Adult ASD Services: What Happens After High School?
A person’s IQ does not measure social skills, adaptive functioning, or executive functioning skills. High intelligence does not mean a person can: work well with others, read facial expressions, communicate effectively, hold down a job long-term, or take care of basic needs such as personal hygiene or proper nutrition. A funding cut off based on an IQ of 70 seems rather arbitrary and assumes someone with that score is a fully functioning member of society.
On March 3, 2010, the UK published its Adult Autism Strategy which has lead to change for public services for adults with autism. “Actions in the autism strategy include a new National Autism Programme Board to lead change in public services set out in the strategy; a programme to develop training with health and social care professional bodies (backed by a £500,000 investment); autism awareness training for all Job Centre Disability Employment Advisers; guidance on making public services accessible for adults with autism, like improving buildings, public transport and communication; and a clear, consistent pathway for diagnosis.” (Dept. of Health, UK)
I think what holds Canada back from creating a national adult autism strategy is health and education are the responsibility of provincial governments, not the federal government. Each province has different mandates, services vary widely from coast to coast, and there is a discrepancy in services between rural and urban settings. We are a large country that is sparsely populated with cities that are separated by great distances. Only at the federal government level could an adult autism strategy become a reality. If a small country like Denmark can have a national autism plan, why can’t Canada?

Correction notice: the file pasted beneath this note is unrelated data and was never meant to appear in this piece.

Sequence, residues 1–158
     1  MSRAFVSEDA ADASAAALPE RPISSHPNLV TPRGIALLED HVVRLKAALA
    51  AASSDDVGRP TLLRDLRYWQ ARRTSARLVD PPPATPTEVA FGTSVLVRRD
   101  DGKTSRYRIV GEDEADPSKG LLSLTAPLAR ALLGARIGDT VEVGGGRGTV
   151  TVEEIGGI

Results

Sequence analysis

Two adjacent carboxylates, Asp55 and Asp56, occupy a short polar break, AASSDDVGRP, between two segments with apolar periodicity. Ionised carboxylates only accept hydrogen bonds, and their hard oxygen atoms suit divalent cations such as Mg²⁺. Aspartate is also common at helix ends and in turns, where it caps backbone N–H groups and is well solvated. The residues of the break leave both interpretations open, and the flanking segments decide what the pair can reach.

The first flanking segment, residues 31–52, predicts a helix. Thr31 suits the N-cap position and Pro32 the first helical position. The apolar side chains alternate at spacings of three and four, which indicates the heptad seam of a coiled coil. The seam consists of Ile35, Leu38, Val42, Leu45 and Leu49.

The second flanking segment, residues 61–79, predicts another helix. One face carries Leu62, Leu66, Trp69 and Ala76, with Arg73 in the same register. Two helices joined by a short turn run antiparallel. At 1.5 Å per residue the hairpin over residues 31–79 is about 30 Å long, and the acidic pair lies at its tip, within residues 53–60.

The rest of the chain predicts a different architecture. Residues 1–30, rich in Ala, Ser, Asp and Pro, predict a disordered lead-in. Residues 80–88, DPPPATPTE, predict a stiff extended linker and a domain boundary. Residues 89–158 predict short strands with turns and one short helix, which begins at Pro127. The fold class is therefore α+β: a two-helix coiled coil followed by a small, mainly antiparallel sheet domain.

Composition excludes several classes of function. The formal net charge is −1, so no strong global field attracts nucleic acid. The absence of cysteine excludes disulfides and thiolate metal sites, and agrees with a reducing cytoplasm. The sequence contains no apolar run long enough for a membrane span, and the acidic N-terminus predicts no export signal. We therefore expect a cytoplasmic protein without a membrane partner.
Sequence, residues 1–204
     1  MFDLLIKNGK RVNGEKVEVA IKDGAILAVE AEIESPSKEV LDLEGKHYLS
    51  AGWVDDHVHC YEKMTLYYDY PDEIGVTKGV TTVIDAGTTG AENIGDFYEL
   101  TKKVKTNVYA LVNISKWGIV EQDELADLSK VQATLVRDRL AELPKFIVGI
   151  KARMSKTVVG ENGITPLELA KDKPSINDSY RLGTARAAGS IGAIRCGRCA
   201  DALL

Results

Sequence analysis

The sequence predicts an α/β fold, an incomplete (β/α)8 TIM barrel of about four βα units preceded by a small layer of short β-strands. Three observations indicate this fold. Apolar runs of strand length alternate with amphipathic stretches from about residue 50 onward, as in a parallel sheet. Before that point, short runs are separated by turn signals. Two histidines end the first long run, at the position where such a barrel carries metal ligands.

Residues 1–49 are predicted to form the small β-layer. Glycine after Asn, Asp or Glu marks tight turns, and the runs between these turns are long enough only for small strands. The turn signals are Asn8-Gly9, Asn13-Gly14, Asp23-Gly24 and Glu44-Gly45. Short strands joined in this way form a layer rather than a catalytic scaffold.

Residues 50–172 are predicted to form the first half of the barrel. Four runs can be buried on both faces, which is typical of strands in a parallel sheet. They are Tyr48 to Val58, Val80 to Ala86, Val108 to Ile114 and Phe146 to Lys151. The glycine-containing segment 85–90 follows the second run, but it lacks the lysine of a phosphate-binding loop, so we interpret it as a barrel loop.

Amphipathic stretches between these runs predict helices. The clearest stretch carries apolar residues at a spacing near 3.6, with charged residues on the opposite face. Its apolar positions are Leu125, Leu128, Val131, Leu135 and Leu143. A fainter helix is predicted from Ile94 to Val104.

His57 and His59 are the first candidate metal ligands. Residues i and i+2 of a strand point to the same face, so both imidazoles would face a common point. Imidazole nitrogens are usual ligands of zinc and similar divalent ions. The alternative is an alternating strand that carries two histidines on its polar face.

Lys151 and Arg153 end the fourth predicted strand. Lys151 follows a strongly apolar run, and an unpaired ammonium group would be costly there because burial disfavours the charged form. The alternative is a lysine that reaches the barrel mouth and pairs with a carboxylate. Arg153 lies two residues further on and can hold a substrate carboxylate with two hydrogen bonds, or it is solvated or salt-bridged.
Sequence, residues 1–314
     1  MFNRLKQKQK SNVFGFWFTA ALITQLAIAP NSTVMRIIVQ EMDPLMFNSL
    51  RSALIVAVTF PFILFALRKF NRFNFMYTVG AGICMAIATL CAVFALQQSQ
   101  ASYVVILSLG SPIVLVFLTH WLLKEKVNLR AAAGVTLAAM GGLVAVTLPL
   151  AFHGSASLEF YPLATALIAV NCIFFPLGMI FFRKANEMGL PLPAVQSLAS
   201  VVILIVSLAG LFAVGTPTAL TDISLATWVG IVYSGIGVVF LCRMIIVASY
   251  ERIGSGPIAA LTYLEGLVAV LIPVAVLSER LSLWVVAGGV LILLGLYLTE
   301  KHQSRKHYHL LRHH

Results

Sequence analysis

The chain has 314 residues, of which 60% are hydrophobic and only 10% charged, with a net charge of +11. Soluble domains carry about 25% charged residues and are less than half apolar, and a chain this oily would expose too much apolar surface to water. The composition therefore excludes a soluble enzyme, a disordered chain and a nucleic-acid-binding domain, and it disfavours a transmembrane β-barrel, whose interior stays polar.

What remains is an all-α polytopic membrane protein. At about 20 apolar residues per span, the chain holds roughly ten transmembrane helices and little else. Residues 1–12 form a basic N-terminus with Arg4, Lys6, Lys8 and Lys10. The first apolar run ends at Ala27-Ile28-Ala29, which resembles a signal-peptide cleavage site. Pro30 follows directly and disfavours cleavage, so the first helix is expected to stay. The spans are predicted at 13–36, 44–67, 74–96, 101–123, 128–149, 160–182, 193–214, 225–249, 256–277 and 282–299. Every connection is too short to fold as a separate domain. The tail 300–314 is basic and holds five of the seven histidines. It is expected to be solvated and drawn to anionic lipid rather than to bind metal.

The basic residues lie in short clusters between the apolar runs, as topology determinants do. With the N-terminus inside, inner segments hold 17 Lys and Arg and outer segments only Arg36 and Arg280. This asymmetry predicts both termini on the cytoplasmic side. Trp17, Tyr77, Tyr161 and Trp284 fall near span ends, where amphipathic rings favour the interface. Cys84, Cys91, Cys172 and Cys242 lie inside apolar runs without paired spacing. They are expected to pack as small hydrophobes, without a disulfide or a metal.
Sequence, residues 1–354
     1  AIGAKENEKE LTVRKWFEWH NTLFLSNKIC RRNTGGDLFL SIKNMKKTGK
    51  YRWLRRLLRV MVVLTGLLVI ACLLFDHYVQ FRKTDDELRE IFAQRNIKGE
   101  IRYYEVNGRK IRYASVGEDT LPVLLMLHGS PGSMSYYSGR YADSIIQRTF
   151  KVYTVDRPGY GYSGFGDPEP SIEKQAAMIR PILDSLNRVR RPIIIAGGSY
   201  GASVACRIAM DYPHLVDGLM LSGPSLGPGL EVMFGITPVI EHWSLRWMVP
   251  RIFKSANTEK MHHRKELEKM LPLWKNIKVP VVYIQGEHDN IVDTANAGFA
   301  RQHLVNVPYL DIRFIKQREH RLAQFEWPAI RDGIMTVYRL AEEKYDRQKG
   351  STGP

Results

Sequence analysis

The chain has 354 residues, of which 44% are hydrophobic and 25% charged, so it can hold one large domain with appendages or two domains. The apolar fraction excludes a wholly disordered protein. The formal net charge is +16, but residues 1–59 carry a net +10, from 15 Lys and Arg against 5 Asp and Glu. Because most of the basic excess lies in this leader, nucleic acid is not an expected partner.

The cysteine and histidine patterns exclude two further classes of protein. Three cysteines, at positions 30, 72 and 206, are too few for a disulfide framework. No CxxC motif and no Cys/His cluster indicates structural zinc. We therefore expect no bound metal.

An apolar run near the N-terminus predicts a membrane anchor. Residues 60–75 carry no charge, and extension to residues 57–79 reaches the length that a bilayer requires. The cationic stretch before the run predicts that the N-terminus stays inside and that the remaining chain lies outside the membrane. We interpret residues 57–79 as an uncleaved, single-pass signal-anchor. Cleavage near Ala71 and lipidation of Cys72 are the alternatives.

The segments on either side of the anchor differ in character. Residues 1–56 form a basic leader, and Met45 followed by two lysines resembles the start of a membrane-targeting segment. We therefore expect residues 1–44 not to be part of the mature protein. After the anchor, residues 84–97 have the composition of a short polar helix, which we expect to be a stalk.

Last year Autism Calgary Association published a guide about all aspects of life as an adult on the autism spectrum. I was a co-author on that book. Doing the research, writing and case studies for my chapters was an eye-opening experience. With two of my own children with autism approaching adulthood within the next 5 – 7 years, this guide has helped me see what I have to prepare for. It also made me aware of the deficit of services and choices for an adult with autism. What quality of life will there be with no funding and a limited ability to obtain higher education or hold down a good paying job with responsibilities attached to it? Will my children have to live at home with me if they don’t qualify for adult funding yet can’t earn enough money to live decently?
If we think we’re saving money by not offering services to adults with autism, we have to think again. A recent study by the Autism Society of Edmonton Area projected that by 2012, 60 per cent of children with autism will not qualify for adult funding. Where will these adults live and work? What if they can’t work, what will become of them? What kind of community are we creating where a segment of the population may have to fend for themselves but are not capable of doing so?
Establishing an adult autism strategy may be the answer to a more hopeful future. Something to think about…
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